FIGURE 1. Location and roles of pectins in biomass. (A) Schematic of plant cell showing arrangement of cell walls; pectin is abundant in the primary walls synthesized by growing cells (brown) and the middle lamella that adheres adjacent cells (blue), but is also present in lower amounts in secondary walls produced after the cessation of growth (gray). Inset at lower right is a simplified model of the primary cell wall showing one possible arrangement of cellulose microfibrils (green), hemicellulose (red), and pectin (blue). (B) Pectin-rich biomass can be derived from lignocellulosic feedstocks or naturally pectin-rich plant material, after which it can be processed into pectin-derived high-value bioproducts and/or saccharified and fermented into biofuel. (C) Potential positive impacts of pectin modification in bioenergy crop plants on biomass processing. In some cases, pectin modification might allow for the elimination of processing steps, such as pectin extraction (curved arrow in B).
Pectin and Cell Adhesion
Intercellular adhesion is a basic feature of plant development and contributes to plant morphogenesis (Knox, 1992). Cell adhesion occurs primarily at the middle lamella, which contains abundant pectins, especially in the reinforcing zones (Jarvis et al., 2003). However, the exact makeup of pectin in the middle lamella is unclear, with some evidence indicating that pectin in this region is mainly composed of RG-I (Moore and Raine, 1988) and other work describing a preponderance of HG (Knox et al., 1990; Willats et al., 1999; Bush et al., 2001). HG chains might also contribute to cell adhesion by crosslinking to other wall components via uronyl esters (Sobry et al., 2005). Antibody labeling of pectin epitopes has provided circumstantial evidence for the function of pectin in cell adhesion (Parker et al., 2001; Sobry et al., 2005), but additional evidence that directly extrapolates the adhesive forces between individual pectin molecules to those between adjacent cells would be informative.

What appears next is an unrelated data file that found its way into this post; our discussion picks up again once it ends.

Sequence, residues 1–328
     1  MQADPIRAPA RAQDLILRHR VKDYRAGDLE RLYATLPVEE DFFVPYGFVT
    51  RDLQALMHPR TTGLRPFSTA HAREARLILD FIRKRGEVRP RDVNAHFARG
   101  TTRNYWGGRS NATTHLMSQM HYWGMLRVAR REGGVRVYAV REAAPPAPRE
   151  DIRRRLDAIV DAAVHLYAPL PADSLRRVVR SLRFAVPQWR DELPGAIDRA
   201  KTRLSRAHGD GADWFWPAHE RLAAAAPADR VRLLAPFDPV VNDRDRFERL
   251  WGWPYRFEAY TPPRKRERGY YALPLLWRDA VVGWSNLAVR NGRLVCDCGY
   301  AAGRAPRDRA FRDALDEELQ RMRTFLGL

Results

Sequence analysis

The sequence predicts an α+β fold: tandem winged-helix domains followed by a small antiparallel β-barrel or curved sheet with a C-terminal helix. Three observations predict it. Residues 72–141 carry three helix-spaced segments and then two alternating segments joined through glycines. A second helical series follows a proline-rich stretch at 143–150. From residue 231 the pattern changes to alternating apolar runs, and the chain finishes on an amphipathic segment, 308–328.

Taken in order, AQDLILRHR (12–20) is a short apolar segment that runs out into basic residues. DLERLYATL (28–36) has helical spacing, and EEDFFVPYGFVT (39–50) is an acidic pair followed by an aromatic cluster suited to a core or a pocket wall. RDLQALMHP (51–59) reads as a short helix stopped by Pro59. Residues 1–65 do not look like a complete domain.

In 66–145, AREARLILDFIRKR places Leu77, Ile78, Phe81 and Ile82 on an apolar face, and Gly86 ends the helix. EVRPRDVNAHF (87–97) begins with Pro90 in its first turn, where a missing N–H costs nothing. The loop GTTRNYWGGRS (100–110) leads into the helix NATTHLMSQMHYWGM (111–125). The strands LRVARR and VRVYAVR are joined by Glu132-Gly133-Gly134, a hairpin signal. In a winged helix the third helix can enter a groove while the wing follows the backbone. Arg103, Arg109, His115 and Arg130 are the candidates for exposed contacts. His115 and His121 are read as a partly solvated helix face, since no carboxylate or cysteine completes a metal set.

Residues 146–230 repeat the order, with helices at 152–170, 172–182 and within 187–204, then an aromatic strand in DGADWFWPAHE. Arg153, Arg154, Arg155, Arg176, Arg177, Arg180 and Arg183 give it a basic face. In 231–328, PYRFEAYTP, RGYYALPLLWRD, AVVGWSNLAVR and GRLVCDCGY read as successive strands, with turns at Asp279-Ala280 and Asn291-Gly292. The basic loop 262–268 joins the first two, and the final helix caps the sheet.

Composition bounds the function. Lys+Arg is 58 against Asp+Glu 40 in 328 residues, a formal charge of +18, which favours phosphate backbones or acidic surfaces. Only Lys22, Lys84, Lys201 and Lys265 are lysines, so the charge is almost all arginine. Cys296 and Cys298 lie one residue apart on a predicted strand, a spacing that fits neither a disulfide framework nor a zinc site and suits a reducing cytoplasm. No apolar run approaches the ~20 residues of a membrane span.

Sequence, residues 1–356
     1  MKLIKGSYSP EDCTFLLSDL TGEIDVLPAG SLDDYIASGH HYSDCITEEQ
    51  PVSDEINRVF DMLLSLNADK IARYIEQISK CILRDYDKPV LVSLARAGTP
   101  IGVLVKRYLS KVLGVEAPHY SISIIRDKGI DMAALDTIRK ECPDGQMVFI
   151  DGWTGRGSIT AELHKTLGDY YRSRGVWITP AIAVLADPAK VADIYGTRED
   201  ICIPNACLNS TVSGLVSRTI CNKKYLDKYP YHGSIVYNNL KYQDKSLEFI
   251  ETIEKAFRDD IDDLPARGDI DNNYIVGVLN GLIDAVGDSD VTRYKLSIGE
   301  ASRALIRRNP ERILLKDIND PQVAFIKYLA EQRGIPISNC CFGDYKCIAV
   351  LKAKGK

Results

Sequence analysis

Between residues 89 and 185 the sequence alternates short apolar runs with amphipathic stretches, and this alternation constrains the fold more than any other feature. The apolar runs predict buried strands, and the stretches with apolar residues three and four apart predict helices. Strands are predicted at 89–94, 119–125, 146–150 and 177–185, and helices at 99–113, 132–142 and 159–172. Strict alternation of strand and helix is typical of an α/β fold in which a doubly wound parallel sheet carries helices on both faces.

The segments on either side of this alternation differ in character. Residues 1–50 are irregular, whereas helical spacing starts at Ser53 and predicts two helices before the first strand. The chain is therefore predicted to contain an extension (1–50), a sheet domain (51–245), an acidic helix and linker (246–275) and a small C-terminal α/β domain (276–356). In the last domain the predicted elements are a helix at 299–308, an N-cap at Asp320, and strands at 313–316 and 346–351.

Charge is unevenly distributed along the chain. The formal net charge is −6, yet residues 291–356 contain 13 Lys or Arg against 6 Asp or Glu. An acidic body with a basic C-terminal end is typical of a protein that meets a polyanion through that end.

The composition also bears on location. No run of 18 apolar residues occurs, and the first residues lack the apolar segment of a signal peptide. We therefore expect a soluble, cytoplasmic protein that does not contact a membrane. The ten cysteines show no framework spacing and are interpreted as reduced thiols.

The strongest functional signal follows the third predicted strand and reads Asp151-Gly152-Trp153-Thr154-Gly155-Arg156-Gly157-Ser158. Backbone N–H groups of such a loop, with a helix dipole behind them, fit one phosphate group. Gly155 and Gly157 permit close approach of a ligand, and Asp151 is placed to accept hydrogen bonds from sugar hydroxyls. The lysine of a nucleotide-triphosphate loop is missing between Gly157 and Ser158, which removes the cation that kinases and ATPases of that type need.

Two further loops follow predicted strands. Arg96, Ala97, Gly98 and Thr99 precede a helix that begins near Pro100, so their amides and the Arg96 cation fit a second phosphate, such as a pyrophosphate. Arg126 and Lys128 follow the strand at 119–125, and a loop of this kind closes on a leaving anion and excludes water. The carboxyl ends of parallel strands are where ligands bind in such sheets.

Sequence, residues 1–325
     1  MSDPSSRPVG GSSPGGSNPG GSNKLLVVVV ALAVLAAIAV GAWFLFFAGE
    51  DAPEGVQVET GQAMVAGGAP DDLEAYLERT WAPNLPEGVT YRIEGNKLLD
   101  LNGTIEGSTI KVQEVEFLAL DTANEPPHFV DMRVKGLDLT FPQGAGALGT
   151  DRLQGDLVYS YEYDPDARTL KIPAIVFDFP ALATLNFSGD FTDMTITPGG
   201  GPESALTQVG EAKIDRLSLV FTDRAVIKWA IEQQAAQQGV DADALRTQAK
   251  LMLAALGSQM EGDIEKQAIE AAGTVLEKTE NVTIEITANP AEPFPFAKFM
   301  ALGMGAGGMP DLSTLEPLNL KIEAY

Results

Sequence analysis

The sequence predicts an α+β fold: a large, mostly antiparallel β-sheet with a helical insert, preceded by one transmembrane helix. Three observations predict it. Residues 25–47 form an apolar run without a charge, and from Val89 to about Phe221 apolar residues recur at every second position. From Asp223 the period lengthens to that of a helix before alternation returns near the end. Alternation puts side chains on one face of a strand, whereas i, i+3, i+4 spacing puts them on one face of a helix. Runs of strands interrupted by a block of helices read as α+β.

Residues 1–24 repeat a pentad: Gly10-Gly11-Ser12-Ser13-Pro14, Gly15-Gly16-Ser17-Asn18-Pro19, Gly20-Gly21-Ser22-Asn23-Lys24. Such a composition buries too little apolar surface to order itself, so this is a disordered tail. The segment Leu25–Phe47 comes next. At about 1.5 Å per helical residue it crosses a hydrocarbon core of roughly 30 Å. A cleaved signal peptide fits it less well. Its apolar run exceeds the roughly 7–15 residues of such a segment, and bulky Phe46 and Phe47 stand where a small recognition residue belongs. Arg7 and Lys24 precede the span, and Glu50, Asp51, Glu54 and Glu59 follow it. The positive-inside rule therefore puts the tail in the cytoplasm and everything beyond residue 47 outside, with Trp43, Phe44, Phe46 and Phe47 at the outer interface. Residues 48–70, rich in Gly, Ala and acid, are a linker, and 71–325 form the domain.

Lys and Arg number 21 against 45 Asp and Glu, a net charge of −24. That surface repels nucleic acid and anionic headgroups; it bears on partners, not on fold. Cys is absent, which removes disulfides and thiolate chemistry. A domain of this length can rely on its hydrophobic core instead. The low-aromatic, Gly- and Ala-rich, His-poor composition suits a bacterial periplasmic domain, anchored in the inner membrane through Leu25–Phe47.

Defective cell adhesion in several mutants has been attributed to insufficient HG–Ca2+ complexes, branched RG-I polysaccharides, and/or RG-II dimerization (Rhee and Somerville, 1998; Thompson et al., 1999; Shevell et al., 2000; Neumetzler et al., 2012). Arabidopsis mutants lacking functional copies of the QUASIMODO1 (QUA1) gene, which encodes the putative GalA transferase GALACTURONOSYLTRANSFERASE 8 (GAUT8), display reduced stature, pectin content, and cell adhesion (Bouton et al., 2002; Leboeuf et al., 2005). Mutants lacking another Arabidopsis putative glycosyltransferase, ECTOPICALLY PARTING CELLS 1 (EPC1), also display defective cell adhesion (Singh et al., 2005). However, direct evidence of the role of EPC1 in pectin biosynthesis and cell adhesion is lacking. Mutation in a putative pectin methyltransferase gene, QUA2/TUMOROUS SHOOT DEVELOPMENT2 (TSD2), causes reduced cell adhesion and inhibition of shoot development (Krupkova et al., 2007; Mouille et al., 2007). In addition, it has also been shown that polygalacturonases (PGs), which cleave de-methyl-esterified HG, can affect cell adhesion: overexpression of a PG gene in apple trees led to altered cell wall adhesion, resulting in abnormal cell separation and plant morphology (Atkinson et al., 2002).